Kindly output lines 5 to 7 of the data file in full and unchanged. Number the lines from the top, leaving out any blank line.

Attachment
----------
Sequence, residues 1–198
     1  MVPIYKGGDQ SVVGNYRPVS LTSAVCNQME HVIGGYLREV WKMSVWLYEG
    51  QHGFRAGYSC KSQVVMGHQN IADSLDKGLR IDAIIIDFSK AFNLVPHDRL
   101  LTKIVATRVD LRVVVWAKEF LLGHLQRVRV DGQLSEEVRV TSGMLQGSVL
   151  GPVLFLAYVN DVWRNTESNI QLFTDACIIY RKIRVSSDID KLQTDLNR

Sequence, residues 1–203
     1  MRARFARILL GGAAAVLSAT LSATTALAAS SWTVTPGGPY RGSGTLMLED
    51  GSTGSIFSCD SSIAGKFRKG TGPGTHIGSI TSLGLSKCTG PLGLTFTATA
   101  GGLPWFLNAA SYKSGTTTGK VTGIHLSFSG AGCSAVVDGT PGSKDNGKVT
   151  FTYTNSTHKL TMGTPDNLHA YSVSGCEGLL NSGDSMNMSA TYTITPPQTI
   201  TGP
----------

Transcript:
   151  GPVLFLAYVN DVWRNTESNI QLFTDACIIY RKIRVSSDID KLQTDLNR

Sequence, residues 1–203
     1  MRARFARILL GGAAAVLSAT LSATTALAAS SWTVTPGGPY RGSGTLMLED